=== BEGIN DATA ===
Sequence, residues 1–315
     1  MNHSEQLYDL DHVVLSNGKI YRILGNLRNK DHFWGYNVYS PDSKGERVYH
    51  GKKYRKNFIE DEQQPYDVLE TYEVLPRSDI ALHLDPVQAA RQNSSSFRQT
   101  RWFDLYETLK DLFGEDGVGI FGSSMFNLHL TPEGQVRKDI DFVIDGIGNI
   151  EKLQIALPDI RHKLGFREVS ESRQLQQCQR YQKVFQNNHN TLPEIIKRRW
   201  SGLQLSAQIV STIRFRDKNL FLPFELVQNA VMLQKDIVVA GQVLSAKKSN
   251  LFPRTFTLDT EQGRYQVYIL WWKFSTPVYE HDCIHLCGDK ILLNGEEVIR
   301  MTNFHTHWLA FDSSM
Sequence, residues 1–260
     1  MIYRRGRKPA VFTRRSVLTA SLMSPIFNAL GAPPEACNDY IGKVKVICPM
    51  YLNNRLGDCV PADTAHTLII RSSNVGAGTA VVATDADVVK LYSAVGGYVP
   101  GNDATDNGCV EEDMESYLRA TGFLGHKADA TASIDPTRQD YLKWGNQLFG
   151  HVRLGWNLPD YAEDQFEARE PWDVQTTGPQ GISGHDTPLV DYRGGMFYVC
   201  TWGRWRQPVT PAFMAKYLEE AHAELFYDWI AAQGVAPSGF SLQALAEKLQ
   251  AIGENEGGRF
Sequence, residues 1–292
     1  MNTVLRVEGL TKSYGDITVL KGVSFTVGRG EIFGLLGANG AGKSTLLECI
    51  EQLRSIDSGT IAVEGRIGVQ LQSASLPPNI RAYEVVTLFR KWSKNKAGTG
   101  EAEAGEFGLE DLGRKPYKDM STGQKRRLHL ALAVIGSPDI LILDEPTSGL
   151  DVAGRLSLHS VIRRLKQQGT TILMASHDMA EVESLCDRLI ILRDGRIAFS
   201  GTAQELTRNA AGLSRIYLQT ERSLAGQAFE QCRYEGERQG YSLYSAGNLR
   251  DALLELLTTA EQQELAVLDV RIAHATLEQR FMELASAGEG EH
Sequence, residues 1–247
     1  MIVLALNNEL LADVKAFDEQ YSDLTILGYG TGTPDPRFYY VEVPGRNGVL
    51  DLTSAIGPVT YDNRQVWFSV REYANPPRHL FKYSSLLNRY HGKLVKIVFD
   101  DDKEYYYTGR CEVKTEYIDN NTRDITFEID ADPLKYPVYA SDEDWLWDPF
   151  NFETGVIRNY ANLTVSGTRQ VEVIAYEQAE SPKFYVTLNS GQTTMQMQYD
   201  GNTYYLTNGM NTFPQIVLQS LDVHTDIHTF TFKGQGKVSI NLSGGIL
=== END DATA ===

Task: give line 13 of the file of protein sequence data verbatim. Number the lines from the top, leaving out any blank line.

   151  HVRLGWNLPD YAEDQFEARE PWDVQTTGPQ GISGHDTPLV DYRGGMFYVC